Thursday, 28 February 2013

Judgement And Doomsday

Two titles, The Day After Judgement by James Blish and After Doomsday by Poul Anderson, sound almost interchangeable. However, Blish's "Judgement" is spiritual and supernatural, a literal Armageddon, whereas Anderson's "Doomsday" is secular and scientific, the sterilisation of Earth by aliens. In other words, Blish's novel is fantasy whereas Anderson's is science fiction (sf).

CS Lewis begins Perelandra by pointing out that we imagine non-human intelligences as either supernatural or extraterrestrial, then informs us that his character, Ransom, met on Mars beings that were both. That shook me when I read it.

A few other sf writers have had similar ideas. In two of Heinlein's novels, the Martian "Old Ones" are ghosts. In Ray Bradbury's The Martian Chronicles, Martian "Old Ones" are spiritually evolved Martians. In Brian Aldiss's Helliconia Trilogy, Helliconians have contact with their hereafter which contrasts strangely with the Terrestrial observation station in orbit above their planet. (When, in that station, orderly life broke down, Aldiss wrote an italicised descriptive passage including this marvelous sentence: "Everything depraved flourished.")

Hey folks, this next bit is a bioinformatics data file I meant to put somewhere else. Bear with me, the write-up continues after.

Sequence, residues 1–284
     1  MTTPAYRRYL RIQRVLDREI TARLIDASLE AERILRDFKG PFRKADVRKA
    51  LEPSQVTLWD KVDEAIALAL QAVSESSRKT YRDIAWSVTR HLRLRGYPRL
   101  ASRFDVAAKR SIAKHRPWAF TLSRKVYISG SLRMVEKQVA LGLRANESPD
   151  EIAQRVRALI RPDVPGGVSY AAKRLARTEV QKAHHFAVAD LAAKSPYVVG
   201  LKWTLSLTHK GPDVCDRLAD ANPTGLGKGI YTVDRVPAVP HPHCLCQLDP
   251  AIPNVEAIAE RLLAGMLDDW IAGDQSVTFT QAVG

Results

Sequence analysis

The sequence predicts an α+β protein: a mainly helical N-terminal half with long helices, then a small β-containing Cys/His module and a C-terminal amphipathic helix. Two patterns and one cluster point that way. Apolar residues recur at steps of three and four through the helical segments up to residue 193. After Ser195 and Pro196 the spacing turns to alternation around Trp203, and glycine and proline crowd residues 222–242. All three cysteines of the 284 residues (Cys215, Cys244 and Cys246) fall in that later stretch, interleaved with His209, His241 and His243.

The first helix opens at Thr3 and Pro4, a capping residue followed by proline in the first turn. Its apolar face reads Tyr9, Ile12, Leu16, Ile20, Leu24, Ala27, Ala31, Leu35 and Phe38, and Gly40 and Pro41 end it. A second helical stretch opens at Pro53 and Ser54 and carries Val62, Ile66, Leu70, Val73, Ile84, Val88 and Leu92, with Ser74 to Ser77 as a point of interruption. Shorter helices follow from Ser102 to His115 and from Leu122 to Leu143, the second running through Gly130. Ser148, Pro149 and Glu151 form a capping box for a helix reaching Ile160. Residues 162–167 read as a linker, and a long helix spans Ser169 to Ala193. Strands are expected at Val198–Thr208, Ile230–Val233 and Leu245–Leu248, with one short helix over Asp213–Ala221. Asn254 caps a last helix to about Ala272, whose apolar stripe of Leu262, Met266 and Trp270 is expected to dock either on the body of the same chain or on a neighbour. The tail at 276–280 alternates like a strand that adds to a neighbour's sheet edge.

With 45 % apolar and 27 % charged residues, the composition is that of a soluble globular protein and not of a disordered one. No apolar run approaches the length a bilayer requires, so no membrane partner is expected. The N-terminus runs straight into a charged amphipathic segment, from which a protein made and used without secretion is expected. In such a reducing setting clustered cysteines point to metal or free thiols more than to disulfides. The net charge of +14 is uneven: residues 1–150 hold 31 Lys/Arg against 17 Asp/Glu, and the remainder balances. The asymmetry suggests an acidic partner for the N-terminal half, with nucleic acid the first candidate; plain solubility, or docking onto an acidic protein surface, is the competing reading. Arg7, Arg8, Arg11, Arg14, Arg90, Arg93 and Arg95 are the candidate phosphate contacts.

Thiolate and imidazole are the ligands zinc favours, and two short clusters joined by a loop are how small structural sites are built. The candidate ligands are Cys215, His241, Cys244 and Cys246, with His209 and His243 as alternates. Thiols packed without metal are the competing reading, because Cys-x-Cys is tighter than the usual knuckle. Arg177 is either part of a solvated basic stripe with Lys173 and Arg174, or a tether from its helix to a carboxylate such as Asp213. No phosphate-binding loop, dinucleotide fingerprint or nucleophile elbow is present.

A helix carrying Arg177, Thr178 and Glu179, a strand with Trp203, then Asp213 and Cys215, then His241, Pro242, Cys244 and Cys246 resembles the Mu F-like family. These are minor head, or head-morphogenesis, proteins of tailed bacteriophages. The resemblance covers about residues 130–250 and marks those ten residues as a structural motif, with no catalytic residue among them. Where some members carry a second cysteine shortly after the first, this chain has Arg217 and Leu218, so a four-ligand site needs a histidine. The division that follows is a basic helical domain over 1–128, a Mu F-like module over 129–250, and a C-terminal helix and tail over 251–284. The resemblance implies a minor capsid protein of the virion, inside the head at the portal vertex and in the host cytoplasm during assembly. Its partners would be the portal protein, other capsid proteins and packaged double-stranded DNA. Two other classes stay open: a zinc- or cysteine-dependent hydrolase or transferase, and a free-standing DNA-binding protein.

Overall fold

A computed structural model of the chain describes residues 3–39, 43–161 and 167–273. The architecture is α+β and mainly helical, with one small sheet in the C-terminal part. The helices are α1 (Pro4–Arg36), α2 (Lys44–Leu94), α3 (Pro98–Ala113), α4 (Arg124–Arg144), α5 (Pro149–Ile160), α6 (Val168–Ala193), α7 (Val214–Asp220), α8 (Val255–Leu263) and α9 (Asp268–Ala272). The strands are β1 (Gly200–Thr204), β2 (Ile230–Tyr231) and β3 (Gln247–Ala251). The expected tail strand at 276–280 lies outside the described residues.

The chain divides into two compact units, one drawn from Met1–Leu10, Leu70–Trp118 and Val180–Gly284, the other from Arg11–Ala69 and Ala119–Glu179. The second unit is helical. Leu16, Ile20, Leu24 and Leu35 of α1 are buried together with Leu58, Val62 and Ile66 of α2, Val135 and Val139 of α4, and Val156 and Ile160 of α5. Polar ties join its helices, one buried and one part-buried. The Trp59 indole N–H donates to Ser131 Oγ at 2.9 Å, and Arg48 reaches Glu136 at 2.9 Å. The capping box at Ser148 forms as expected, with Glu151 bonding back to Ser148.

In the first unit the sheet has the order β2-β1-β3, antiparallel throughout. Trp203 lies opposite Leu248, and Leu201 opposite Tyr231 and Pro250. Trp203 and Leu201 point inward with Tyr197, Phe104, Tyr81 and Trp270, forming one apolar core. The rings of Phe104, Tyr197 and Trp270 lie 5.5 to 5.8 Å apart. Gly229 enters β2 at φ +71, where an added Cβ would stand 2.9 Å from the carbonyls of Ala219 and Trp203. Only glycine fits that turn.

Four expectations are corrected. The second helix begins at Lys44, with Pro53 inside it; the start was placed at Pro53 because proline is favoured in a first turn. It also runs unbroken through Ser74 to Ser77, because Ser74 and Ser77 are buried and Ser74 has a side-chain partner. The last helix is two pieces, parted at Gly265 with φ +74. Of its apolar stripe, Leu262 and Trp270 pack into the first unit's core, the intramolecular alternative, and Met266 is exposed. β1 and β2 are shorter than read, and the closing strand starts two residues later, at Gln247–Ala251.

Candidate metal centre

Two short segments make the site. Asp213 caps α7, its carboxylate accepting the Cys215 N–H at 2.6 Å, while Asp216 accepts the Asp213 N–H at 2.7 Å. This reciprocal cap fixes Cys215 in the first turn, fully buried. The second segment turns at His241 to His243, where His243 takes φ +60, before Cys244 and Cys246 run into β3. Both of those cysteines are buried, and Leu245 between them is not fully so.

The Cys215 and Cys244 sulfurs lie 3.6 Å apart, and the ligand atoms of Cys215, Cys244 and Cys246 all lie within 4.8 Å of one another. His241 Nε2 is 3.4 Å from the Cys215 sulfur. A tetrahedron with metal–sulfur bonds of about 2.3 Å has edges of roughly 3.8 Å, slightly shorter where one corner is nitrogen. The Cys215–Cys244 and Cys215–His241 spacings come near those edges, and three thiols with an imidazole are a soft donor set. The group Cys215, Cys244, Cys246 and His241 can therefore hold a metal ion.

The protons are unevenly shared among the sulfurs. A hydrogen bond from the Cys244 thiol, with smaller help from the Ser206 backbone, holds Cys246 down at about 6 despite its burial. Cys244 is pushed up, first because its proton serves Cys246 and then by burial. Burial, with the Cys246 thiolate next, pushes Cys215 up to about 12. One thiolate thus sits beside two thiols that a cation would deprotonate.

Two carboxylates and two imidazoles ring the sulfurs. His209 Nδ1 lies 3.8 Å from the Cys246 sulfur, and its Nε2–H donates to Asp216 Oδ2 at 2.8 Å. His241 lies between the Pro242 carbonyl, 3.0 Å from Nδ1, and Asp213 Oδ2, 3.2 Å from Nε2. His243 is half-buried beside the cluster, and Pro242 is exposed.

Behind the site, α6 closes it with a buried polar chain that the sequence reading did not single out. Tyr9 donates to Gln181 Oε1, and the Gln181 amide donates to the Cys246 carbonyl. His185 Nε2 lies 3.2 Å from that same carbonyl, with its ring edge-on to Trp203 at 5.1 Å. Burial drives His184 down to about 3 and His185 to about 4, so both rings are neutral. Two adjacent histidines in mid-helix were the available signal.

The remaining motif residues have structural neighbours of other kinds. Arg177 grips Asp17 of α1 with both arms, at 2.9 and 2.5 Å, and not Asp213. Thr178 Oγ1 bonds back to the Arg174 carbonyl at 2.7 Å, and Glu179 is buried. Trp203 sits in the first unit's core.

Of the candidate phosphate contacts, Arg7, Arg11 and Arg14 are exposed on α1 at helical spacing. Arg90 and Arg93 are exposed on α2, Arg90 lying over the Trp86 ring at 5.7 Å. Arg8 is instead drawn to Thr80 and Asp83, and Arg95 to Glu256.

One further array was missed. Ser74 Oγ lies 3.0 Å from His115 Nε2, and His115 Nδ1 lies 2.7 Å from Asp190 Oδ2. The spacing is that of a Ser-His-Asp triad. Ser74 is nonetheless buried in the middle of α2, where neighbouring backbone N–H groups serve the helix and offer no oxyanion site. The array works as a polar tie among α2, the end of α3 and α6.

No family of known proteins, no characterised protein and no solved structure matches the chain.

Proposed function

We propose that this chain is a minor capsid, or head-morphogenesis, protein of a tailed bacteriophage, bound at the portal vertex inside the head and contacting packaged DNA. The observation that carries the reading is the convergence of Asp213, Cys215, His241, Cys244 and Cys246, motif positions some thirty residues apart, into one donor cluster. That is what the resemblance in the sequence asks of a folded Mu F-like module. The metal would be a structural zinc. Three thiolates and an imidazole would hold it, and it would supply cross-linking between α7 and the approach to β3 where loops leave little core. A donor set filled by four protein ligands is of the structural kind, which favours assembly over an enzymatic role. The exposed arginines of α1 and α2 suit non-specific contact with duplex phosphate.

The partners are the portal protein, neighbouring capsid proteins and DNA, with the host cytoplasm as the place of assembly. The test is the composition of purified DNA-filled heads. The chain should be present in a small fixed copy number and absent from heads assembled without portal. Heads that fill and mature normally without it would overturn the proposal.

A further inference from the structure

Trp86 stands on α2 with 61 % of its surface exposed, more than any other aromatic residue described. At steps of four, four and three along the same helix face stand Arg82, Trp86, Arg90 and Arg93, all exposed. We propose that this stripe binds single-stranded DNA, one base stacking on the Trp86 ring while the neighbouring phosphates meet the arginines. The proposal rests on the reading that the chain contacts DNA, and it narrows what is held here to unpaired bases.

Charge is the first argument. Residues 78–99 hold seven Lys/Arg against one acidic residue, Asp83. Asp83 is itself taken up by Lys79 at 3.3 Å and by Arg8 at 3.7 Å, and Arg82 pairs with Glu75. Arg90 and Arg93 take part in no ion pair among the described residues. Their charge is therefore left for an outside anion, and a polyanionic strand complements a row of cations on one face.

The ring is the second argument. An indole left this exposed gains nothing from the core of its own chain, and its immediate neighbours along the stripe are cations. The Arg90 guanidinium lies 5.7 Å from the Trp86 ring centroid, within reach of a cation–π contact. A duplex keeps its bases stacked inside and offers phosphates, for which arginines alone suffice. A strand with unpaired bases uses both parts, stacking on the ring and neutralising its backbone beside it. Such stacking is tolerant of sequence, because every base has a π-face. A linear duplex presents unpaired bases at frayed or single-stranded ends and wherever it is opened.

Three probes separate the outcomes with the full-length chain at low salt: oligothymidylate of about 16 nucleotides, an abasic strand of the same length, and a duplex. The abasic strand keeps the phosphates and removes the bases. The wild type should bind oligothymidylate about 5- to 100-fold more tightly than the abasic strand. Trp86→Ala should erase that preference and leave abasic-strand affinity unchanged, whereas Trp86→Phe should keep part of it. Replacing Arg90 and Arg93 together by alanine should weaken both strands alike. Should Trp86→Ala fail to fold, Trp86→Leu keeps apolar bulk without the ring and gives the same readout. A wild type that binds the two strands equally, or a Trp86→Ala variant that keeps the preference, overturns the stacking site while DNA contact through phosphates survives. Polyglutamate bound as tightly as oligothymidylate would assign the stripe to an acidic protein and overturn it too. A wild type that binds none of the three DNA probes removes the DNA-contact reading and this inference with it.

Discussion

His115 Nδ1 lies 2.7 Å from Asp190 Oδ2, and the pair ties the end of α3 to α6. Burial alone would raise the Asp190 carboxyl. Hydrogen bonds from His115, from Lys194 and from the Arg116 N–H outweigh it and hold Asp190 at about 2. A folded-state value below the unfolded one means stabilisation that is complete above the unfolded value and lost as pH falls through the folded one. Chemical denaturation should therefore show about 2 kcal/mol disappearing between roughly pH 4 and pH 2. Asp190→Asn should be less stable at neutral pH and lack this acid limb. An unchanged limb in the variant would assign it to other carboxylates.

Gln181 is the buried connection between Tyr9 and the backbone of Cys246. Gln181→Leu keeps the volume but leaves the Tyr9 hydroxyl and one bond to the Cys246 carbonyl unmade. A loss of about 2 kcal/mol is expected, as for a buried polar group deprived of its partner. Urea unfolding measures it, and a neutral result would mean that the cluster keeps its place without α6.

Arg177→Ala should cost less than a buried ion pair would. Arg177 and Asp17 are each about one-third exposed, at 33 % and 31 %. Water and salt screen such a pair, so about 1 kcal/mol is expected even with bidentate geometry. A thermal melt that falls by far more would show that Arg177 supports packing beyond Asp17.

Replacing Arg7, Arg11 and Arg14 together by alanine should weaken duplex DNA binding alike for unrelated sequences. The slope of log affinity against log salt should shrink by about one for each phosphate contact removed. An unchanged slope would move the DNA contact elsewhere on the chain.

Starting with a reflection on two superficially similar but essentially contrasting titles, I have managed to draw a few parallels between six great names in sf: Blish; Anderson; Lewis; Heinlein; Bradbury; Aldiss. 

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